"Making the world's knowledge computable" -- Sounds like a job for parallel computing.
There’s a new website in town. It is called Wolfram Alpha (W|A). I must admit I am fascinated by the concept. The tagline on the site is Making the world’s knowledge computable. Sounds different. However, before I discuss my experiences with the site, I would like to be clear about one thing. W|A is not Google nor is trying to be Google or some form of “Google Killer.” So going to Wolfram|Alpha and searching for recipes is not going to work as you would expect. I’ll get in to this a little bit more below, but there is a tendency to compare everything to Google these days — and conclude Google is better and will smash these pesky sites in short order. The key difference is “computable knowledge” versus “searchable web”. In case you don’t know, Wolfram is the Stephen Wolfram who created Mathematica. He also wrote A New Kind Of Science. I never met Wolfram, seems like a bright guy, I wondering if he went to the Donald Trump school of branding.
Here is what the W|A website tells us:
As of now, Wolfram|Alpha contains 10+ trillion of pieces of data, 50,000+ types of algorithms and models, and linguistic capabilities for 1000+ domains. Built with Mathematicaâ€”which is itself the result of more than 20 years of development at Wolfram Researchâ€”Wolfram|Alpha’s core code base now exceeds 5 million lines of symbolic Mathematica code. Running on supercomputer-class compute clusters, Wolfram|Alpha makes extensive use of the latest generation of web and parallel computing technologies, including webMathematica and gridMathematica.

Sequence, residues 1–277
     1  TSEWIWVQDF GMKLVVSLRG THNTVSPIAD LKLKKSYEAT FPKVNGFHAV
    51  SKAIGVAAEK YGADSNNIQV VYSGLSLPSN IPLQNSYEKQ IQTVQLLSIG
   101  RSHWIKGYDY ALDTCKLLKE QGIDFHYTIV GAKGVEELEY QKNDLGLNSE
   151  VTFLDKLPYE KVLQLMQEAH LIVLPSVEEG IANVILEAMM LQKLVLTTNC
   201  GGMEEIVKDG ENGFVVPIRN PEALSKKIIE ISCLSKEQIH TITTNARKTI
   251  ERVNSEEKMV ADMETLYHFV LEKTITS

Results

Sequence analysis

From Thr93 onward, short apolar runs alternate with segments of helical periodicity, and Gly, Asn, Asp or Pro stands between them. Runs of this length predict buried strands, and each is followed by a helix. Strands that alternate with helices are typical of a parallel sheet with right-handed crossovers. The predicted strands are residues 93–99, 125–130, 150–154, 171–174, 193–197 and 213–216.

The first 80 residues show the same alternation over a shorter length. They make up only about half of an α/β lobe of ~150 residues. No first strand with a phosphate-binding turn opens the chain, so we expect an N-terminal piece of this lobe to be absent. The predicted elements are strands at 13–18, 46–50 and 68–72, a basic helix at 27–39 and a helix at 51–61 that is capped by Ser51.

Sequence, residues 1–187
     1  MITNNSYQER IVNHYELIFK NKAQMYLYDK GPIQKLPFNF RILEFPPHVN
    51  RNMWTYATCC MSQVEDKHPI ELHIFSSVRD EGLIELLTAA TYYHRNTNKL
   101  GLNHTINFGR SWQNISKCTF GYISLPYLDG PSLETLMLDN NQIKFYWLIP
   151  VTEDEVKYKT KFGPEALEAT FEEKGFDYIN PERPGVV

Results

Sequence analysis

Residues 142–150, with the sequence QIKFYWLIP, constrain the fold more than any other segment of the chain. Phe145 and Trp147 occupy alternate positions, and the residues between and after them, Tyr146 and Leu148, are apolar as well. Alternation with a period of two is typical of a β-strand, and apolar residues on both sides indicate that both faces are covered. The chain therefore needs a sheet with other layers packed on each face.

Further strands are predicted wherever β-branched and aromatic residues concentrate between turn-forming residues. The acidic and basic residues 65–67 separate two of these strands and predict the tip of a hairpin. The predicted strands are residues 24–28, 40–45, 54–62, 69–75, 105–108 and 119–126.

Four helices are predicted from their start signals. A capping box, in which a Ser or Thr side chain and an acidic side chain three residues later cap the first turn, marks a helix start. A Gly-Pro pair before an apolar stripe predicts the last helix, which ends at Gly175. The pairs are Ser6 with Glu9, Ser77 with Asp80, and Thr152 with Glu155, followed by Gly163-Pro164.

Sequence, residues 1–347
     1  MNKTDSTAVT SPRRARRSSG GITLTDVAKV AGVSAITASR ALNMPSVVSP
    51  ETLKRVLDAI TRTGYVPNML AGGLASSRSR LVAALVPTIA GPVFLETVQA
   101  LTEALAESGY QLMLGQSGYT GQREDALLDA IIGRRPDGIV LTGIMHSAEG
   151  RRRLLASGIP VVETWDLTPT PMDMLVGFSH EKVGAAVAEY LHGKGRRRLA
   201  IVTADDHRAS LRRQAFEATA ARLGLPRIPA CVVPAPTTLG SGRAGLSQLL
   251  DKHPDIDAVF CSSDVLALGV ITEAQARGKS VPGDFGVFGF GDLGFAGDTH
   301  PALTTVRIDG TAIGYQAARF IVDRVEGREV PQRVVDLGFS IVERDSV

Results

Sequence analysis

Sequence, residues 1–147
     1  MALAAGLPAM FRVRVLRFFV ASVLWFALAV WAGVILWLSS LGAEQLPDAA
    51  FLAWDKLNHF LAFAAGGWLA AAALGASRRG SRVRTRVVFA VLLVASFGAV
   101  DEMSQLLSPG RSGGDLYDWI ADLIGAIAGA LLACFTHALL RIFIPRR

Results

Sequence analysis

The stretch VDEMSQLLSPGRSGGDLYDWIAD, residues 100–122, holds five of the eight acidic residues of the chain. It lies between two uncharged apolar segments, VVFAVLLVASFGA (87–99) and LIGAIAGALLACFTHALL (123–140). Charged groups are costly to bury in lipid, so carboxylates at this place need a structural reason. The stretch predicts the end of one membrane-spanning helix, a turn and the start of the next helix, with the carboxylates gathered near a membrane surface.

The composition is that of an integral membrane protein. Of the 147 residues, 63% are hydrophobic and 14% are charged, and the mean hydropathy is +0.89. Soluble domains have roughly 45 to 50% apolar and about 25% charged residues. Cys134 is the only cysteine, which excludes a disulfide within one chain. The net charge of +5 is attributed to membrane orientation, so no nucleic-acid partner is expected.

There were several words in this paragraph that grabbed my attention. Of course the parallel computing cluster stuff is always interesting, but I was attracted to the over 50K algorithms and symbolic computing. I admit I am somewhat of a closet AI (Artificial Intelligence) dweeb, so when someone is talking about symbolic processing I always take notice. When they throw in parallel computing I’m all ears. I also have another interest in AI. I believe it is going to be where the killer HPC applications will arise. Note, I did not mean a “killer as in death” application but “killer as in wildly successful.” Just in case you have seen too many Terminator movies.
In addition, I am not suggesting “pie in the sky AI” which in the past was often oversold and under-delivered promises. I am talking about using AI methods to solve real problems and move us further away from the hardware and closer to what is it we really want to do — finish our work faster so we can go home early. For instance, suppose you ran a series program using a matrix of input parameters (often called parametric processing) What if an application scanned your results and told you “Run 17 seems to lack the same consistency of the other runs”. What exactly does this mean, who knows, but if you are the researcher, I would guess you would be giving the run 17 data a closer look. In any case, you get the idea. Symbols allow a higher level of manipulation. Which brings us back to W|A.